Katrina and the Federal Government - the Problem and the Solution:
Watching George Bush speak yesterday in front of one of the only rebuilt homes in a Biloxi, Mississippi neighborhood was something akin to watching that flaunting, flouncing prison video of Richard Speck, who killed 8 women, prancing around in his prison cell wearing only panties, sporting hormonally-induced tits, fucking a fellow inmate, and snorting coke, saying, "If they only knew how much fun I was having in here, they would turn me loose." It was creepy, depraved, and sadly unsurprising, and it left the Rude Pundit wondering why he had to see it at all.

For, as with so, so many things, Bush made the slow recovery of the Gulf Coast about himself, demonstrating nothing so much as the ability to bend that svelte body over and fellate himself, methodically, mechanically, with nary a grunt or pause to indicate that he blew a load into his own mouth other than a surrepititious twitch and lip wipe. The constant invocation of himself was sickening: "I'm glad" and "I want" and "Laura and I really care for the people whose lives have been affected," one of those so-obvious-it's-depressing sentiments.

Then he said, "We understand the trauma." And someone in that audience, maybe the "Go fuck yourself, Mr. Cheney" guy if he was around, needed at that point to answer the President with, "Oh, fuckin' really? So you lost your house, your job, and your neighbors overnight last year and have sat around waiting for some government somewhere to stop paying everyone but you to get the fuckin' work really going on making something like a life again until the next Katrina or Camille comes around and blows us the fuck off the map again in a few years? Is that the kind of trauma you're talking about? Or maybe you're just talking about that time the servants didn't bring you seconds on ice cream fast enough that one Thanksgiving?"

The blissful ignorance and goddamned willful blinders of the President to the reality of the entire Gulf Coast post-Katrina gets to be so nauseating sometimes that you think that the entire region at some point ought to just descend into madness. The problem, of course, is the problem that affects every goddamned aspect of Bush administration policy: the refusal to believe that government can be an entity for public good in and of itself (other than, of course, in issues of morality). Here's Bush once again pushing private enterprise: "We want to help. We want to help that optimism succeed. And so I signed legislation that creates what's called the Gulf Opportunity Zones. That means if you invest in this part of the world, you get tax breaks. In other words, they're using the tax code to say, come and invest your capital here." All fine and dandy for some point in the future. Bush wants local solutions to local problems: "I said, you develop the plan. We're not going to do it for you because you know better the local needs, and Mississippi stepped up." However, this ain't a local issue, and treating it like one ghettoizes and isolates the region, cutting it off rhetorically from the rest of the nation, which is ponying up for the presumptive reconstruction of the region.

But the use of contractors and subcontractors and sub-subcontractors for so much of the work is gonna suck that money dry or divert it enough to make a sad situation even more catastrophic. Says a report from Corpwatch, "The clearest instances of waste in Gulf Coast reconstruction are the contracting pyramids schemes – layers of subcontracting that turn an easy profit for the many middlemen. This layering creates distance between corporations such as Halliburton subsidiary Kellogg, Brown & Root (KBR) and the subcontractor that ultimately performs the work. It allows KBR, for example, to plead ignorance when labor abuses are uncovered, as happened when a subcontractor was caught employing undocumented immigrants late last year and accused of mistreating them."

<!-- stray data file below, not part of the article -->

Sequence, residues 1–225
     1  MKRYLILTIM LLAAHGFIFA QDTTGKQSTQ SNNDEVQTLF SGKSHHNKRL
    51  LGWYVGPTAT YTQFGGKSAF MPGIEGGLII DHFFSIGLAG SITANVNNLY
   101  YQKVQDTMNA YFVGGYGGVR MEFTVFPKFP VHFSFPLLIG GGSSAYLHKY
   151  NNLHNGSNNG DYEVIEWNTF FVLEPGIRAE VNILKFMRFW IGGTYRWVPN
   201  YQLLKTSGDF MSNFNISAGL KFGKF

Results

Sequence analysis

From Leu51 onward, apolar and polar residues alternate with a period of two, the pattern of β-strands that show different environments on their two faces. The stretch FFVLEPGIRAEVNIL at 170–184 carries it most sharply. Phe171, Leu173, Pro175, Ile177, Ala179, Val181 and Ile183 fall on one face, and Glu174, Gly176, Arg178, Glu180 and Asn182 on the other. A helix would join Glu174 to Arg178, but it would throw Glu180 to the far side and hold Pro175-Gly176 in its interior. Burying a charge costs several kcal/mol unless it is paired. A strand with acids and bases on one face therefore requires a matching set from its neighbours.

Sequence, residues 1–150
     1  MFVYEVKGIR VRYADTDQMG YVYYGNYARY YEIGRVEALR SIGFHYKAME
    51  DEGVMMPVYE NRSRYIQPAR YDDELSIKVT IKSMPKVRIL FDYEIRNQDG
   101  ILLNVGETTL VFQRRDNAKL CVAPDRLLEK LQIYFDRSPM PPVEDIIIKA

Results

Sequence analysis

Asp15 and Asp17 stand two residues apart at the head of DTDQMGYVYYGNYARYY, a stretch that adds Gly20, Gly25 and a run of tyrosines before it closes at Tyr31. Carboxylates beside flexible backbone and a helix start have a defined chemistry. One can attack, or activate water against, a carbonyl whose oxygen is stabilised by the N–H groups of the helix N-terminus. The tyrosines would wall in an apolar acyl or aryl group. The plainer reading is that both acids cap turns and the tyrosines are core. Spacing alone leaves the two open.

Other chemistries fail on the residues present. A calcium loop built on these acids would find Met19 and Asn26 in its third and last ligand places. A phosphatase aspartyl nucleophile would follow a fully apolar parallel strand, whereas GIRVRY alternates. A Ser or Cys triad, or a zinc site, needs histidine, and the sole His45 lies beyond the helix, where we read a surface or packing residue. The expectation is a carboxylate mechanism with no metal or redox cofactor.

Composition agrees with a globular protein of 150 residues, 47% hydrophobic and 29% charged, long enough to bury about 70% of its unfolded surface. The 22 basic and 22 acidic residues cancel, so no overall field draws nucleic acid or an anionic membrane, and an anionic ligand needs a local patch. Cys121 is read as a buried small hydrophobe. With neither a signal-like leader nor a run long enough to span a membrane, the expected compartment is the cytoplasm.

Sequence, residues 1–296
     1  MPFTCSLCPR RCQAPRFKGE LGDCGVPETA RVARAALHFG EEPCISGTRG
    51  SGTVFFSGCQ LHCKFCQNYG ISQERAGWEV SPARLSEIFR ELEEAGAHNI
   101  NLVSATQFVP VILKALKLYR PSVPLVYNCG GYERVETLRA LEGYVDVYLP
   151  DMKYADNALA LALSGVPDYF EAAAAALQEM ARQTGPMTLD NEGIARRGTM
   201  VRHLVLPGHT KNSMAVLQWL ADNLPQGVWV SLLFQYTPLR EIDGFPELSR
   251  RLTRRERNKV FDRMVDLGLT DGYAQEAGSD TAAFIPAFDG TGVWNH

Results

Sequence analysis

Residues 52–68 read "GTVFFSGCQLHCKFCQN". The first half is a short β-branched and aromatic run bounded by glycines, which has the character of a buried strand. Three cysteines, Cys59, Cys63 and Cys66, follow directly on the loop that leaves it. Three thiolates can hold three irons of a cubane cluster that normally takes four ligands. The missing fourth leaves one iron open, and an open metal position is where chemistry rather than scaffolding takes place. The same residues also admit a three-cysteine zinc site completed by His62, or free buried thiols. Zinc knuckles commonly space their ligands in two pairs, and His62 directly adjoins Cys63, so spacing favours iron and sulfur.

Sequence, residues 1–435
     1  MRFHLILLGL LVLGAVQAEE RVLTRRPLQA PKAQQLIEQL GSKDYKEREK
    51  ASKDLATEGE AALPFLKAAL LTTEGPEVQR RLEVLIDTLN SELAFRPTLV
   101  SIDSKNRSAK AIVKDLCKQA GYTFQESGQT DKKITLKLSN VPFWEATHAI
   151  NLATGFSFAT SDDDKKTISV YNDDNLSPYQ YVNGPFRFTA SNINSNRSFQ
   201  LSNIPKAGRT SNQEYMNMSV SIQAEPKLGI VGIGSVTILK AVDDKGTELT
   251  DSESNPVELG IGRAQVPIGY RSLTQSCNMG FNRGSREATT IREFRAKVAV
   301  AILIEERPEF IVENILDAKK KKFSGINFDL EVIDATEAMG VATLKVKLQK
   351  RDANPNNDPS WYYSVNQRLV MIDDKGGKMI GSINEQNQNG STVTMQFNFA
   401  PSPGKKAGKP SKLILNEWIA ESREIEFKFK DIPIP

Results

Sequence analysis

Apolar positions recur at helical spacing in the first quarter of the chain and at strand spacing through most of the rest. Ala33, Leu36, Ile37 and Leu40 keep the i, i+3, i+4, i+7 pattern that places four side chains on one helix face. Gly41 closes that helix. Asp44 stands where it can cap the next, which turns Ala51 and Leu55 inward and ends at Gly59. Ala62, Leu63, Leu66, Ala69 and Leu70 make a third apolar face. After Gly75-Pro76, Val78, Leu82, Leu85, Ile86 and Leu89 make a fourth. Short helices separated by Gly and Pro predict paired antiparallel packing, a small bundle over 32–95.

You keep hearing about things like Marshall Plans or some such shit. You want a solution? Here's one straight from Franklin Roosevelt, who the right is constantly trying to co-op to prop up their causes. Use the Tennessee Valley Authority as a model. The federal government, under an ideology that believed that one region's problems were the problems of the entire nation, not to mention the need for jobs in one of the worst hit areas in the Great Depression, created the TVA to bring the Tennessee Valley into the 20th century, provide wholesale-priced electricity to the poorest people, and help with flood control. Man, what pissed off conservatives and private power companies most was that it worked. And it would take until Ronald Reagan came along for people to actually fully believe that the federal government works against its interests because, you know, Reagan made the federal government work against the interests of the people.

Is it idealistic or, heavens forfend, communistic to say that if you take out the profit motive by eliminating the contractors and subcontractors from the payroll and just using the departments that the government has, like after Hurricane Camille, that the $110 billion wouldn't stretch a whole fuck of a lot further? So be it then. How dare it be suggested that the Gulf Coast might be served better by an active (read: non-Bush) federal government than by Halliburton.

Tomorrow: On the President's return to New Orleans - you know it's gonna be embarassing and worthless.